Small businesses should beware of “free” payroll services that treat payroll as a loss-leader or commodity

As a broker of payroll & HR services, I often get asked by business associates what advice I would give to very small business owners who are considering doing their own payroll to save money. My advice is that these business owners should do what they are comfortable with, which requires them to know what they are comfortable with when it comes to payroll.  Payroll is a serious issue even if for the business owner and sole employee both where they only seek to pay themselves a steady salary.  Payroll errors – no matter how seemingly insignificant – can quickly turn into penalties if not addressed quickly and per the guidelines of the taxing authorities.  And in this new Affordable Care Act (PPACA) landscape where federal and state agencies seek more revenue, a business owner does NOT want to get on the radar of federal, state and local tax agencies. They also want to avoid creating a mess where they’ll require the help of a CPA or tax expert to help them resolve the issue(s) – where this help probably won’t be free.


The lower the cost of most payroll options (where Do It Yourself or “DIY” options are usually the cheapest) usually will mean more work for the user / client, in terms of entering data and possibly having to file their own federal, state and local+ payroll taxes (+where applicable).  As a rule of thumb I would avoid any payroll service that treats or refers to payroll as a commodity (Zenefits CEO Parker Conrad is on record stating payroll is a commodity earlier this year), which in my opinion shows how little this provider values payroll as a service and how little they value the expertise required to keep their clients free from payroll tax liability.  You get what you pay for, thus small business owners should be initially skeptical of cheap – and run far away from free – payroll services. There is just too much that can go wrong. There is liability if the payroll provider makes mistakes in tax filing (amounts and / or filing frequency) or does not pay the employer’s staff the correct amounts.  For a one person S-Corp entity, where the president is the sole employee, any mistakes made mean the president owns this liability where hopefully the payroll provider would help them fix it – and don’t assume all providers will do this, as some won’t.  But for a company with two or more employees, all it takes is one employee to call the U.S. or State Department of Labor, and an investigation could easily begin for that employer. And as stated above, due to this brave new PPACA world we live in an employer should avoid any exposure with federal & state agencies at all costs. These agencies now work closely together, and once an employer is visited by one agency, they should expect to be visited by others.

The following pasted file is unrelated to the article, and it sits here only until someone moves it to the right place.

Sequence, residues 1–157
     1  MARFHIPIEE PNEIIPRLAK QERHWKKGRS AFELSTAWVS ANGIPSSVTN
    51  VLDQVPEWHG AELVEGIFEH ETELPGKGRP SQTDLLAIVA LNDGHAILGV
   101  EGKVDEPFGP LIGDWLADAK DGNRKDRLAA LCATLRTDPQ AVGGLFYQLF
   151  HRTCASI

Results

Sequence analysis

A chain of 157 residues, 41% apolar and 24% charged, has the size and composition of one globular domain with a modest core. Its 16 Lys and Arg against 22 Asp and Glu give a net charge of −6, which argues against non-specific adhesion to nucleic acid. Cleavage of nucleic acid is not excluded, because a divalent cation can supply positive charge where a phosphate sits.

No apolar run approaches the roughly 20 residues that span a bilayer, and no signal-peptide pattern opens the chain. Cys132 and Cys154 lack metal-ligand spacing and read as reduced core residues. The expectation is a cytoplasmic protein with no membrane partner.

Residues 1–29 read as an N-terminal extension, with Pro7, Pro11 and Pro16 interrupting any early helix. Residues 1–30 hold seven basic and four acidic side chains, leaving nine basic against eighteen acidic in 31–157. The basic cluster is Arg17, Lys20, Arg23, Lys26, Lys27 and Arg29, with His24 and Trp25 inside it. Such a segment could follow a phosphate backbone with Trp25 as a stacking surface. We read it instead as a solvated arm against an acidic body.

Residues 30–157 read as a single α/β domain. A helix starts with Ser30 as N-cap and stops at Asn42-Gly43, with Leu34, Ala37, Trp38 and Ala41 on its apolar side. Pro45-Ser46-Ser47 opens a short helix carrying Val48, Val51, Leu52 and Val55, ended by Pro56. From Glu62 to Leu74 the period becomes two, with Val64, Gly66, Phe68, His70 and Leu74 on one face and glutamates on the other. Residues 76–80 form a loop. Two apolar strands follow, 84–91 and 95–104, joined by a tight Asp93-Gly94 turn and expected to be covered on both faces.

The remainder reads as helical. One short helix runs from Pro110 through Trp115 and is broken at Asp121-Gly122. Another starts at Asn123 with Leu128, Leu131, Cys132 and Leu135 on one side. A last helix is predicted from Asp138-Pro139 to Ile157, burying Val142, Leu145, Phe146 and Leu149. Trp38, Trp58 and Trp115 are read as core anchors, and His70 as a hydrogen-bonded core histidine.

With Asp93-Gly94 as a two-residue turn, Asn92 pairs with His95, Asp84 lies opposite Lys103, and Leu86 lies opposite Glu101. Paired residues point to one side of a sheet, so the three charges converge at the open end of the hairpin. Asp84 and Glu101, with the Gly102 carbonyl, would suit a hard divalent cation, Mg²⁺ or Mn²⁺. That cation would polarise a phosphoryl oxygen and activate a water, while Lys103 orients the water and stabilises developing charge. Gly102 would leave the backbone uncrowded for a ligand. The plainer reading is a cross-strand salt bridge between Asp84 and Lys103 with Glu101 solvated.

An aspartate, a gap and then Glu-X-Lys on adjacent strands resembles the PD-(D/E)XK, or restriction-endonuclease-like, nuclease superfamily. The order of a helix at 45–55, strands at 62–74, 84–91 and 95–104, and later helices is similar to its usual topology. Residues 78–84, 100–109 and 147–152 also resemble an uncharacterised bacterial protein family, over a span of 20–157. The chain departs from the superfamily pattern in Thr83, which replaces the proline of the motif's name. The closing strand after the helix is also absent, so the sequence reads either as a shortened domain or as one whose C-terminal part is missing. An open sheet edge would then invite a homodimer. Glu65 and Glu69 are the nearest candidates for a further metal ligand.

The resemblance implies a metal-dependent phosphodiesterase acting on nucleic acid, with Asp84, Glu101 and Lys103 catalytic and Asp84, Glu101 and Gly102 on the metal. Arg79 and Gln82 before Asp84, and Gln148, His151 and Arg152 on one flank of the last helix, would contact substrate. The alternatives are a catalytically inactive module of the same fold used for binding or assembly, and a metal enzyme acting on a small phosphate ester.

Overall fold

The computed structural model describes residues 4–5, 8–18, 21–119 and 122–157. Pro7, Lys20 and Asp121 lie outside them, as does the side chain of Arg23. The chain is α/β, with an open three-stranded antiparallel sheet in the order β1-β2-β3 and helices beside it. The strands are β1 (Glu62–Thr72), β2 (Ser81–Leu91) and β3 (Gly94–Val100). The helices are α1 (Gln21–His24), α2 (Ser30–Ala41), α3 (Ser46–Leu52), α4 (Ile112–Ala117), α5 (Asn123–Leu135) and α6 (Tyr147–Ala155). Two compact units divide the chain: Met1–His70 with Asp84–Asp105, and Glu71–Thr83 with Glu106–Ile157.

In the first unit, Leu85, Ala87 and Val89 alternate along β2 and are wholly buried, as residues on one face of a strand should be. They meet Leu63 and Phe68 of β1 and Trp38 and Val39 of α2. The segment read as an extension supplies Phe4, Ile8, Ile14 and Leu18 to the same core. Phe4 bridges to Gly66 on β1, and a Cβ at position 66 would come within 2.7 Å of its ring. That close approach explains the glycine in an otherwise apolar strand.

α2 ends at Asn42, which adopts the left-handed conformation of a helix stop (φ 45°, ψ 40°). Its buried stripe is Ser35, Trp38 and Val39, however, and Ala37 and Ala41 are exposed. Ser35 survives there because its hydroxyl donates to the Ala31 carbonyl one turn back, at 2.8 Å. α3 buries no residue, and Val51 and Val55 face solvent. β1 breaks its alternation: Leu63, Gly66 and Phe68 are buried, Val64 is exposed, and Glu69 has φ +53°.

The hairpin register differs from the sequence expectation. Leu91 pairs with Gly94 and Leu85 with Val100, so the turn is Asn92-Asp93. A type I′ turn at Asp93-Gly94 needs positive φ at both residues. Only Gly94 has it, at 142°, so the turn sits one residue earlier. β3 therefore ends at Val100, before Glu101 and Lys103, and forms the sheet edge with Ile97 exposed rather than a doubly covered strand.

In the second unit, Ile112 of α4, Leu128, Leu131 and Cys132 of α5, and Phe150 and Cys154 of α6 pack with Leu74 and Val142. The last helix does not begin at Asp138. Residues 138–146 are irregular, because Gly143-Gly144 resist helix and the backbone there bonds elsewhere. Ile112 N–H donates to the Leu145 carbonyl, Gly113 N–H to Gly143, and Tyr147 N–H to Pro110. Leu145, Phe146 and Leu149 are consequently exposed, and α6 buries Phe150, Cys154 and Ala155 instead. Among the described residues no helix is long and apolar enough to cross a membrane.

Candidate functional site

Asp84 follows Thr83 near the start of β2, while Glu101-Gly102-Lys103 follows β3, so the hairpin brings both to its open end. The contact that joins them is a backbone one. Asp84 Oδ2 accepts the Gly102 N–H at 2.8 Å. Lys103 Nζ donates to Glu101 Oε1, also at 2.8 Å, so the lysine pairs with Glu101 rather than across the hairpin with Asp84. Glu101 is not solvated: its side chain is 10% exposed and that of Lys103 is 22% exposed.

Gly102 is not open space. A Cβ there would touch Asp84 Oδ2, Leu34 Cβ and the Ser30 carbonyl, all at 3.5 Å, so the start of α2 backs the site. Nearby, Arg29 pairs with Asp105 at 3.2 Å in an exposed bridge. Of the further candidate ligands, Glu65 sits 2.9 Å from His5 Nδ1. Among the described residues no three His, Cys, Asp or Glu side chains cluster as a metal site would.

BEWARE OF “AUTOMATIC” PAYROLL:  Small business owners seeking a payroll solution should also beware of “automatic payroll” like some services have recently started offering.  Any decent payroll service can largely automate the payroll process, where it makes sense. But most payroll data for small companies will change often enough that “automatic” could mean trouble, and could adversely affect cash flow – especially if a previously used ‘higher’ payroll amount is drafted automatically, and the business owner was not expecting it or did not want this to happen. As a small business payroll veteran I will tell you, flexibility in submitting payroll is a beautiful thing. And what if there are last minute payroll changes that need to happen quickly, where one would prefer to actually talk with a person?  If these changes are not addressed in time it can mean a payroll overdraft (NSF) which could end the convenience (tax payment & direct deposit) of a payroll relationship, if not the entire payroll relationship in short order.  NOTE: In the payroll industry when something is marketed as a “convenience” it may well be more of a convenience for the payroll provider than the client – where the provider is seeking to reduce their involvement with the client to an absolute minimum and thus maximize their profit margin.

BEWARE OF BAD ADVICE:  Beware of the “advice” of a captive payroll salesperson or someone in a call center when it comes to picking a payroll option that is 1) cost-effective and 2) convenient.  The salesperson / call center employee will usually make things sound a lot easier and convenient than they really are, due to their conflict of interest. They probably want to finish the meeting / call and move on to the next one. You also may not really know their level of experience in the payroll industry, and if talking with someone in a call center whether or not they are just reading a script with canned answers to (most of) your questions. What is “easy” for them may not be easy at all for the unexperienced business owner, new to payroll – or even make sense at all.

ANOTHER OPTION:  People who feel comfortable doing their own payroll to some degree should not rule out paying a little more for assistance and actual convenience.  Whether an “assisted” payroll option or a truly “outsourced” payroll option (where the provider will handle the client federal, state & local tax filing), the client can find extremely cost effective options these days online, if they are willing to look around.  You could also seek out the services of a payroll broker like myself, where this broker will be able to independently guide you towards a cost-effective option that is the best fit, at no cost for the consult.